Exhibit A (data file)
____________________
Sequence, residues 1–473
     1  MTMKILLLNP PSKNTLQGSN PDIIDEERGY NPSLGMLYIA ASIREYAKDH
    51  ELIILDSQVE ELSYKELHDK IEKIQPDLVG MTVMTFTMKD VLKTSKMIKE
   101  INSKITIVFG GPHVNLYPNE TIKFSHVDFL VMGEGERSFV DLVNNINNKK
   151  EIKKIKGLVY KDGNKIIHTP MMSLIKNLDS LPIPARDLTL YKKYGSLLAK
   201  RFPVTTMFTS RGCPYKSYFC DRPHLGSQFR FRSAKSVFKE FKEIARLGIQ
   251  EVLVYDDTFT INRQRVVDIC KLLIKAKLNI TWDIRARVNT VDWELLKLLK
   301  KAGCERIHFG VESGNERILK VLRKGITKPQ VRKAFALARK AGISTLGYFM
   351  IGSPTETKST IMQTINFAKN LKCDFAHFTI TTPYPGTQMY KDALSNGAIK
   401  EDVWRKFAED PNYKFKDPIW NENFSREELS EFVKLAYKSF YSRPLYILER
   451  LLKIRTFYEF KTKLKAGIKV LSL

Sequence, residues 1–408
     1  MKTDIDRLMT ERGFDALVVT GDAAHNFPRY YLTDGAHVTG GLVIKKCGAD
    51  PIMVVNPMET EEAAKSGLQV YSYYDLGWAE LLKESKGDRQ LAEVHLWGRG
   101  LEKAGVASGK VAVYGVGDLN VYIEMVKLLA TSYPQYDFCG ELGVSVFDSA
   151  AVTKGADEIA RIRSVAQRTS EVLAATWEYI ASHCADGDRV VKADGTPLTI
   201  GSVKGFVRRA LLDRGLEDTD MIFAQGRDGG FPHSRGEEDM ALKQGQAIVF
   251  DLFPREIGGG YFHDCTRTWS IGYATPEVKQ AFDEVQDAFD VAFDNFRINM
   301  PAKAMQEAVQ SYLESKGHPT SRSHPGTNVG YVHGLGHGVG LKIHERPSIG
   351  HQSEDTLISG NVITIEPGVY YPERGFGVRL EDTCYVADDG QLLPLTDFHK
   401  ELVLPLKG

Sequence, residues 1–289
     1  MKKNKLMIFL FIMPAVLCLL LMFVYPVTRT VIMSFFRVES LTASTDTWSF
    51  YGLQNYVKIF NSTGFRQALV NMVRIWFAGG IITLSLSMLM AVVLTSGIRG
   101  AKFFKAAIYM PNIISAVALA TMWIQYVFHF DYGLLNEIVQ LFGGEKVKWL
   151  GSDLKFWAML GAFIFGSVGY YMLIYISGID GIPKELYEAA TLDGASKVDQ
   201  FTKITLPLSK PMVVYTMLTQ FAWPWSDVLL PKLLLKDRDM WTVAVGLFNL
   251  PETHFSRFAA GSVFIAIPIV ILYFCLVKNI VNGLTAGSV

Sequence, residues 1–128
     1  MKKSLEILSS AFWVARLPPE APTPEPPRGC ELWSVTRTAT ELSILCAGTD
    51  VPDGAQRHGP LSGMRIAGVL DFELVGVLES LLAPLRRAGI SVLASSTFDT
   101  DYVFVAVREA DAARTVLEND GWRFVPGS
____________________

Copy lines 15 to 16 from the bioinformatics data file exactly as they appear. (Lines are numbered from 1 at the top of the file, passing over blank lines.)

   101  LEKAGVASGK VAVYGVGDLN VYIEMVKLLA TSYPQYDFCG ELGVSVFDSA
   151  AVTKGADEIA RIRSVAQRTS EVLAATWEYI ASHCADGDRV VKADGTPLTI